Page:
Under the proposal, the MBTA will use a combination of administrative efficiencies, fare increases, service changes and one-time revenues to close the gap. In addition, Secretary Davey and General Manager Davis announced that the MBTA is moving forward on a number of fronts to make riding the T more convenient for its 1.3 million daily riders. MBTA is working to bring "countdown clocks" to key MBTA stations as has been recently tested at Logan Airport's Terminal C.
The final proposal, which will be submitted for MBTA board approval April 4th, follows more than two months of public meetings where 6,000 customers weighed in on proposals submitted to the board by MBTA staff in January.
MassDOT and the MBTA, working together during the public comment period, identified a number of cost savings to help reduce the operating deficit from the original $185 million. Each of these items reduced the need for the larger fare increases and service reductions proposed in January. Some of the most significant actions include enrollment of MBTA staff in a new, lower-cost health care program, energy purchase savings and a reduction in authority headcount of 51 positions. Additionally, the T implemented a hiring freeze for non-critical positions.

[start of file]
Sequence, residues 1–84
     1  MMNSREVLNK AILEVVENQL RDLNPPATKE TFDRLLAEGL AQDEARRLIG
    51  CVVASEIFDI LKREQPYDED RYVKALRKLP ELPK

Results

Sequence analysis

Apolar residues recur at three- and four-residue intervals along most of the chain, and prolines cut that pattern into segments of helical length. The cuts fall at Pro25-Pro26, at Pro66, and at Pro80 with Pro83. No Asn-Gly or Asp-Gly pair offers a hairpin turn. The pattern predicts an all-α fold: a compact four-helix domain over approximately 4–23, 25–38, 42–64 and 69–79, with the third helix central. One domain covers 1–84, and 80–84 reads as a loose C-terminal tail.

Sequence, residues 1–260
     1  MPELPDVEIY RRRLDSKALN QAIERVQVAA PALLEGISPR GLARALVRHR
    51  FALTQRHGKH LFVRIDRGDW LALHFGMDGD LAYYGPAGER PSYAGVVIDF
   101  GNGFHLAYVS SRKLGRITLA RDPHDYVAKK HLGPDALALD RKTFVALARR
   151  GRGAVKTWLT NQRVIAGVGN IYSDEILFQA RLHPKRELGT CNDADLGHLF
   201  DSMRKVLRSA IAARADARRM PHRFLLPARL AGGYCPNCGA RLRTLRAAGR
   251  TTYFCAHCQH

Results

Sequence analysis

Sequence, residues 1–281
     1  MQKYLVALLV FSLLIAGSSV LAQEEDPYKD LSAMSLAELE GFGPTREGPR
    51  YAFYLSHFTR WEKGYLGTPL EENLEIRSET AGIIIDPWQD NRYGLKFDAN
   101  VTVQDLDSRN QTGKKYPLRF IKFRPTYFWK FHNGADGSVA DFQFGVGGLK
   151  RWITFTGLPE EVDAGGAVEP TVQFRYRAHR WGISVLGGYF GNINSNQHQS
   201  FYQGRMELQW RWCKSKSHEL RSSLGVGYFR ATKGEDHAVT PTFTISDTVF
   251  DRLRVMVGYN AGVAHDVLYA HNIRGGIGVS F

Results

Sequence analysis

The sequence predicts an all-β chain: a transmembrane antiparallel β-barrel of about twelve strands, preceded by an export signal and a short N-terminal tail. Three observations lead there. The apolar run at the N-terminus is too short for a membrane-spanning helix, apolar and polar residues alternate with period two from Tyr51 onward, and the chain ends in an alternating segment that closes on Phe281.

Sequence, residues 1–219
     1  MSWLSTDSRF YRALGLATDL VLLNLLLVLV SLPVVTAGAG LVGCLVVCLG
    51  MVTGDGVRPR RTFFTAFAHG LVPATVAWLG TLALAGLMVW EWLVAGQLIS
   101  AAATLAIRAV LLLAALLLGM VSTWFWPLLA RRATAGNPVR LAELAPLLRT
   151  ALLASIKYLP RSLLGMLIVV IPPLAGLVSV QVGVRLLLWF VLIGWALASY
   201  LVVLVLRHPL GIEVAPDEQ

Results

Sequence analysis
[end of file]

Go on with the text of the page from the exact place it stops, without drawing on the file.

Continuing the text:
The final proposal recommends an average fare increase of 23 percent. This would be the first MBTA fare increase in five years and still keep public transit prices in Boston lower than many major cities including New York, Atlanta and Chicago. The fare increase is expected to generate $72.9 million next year.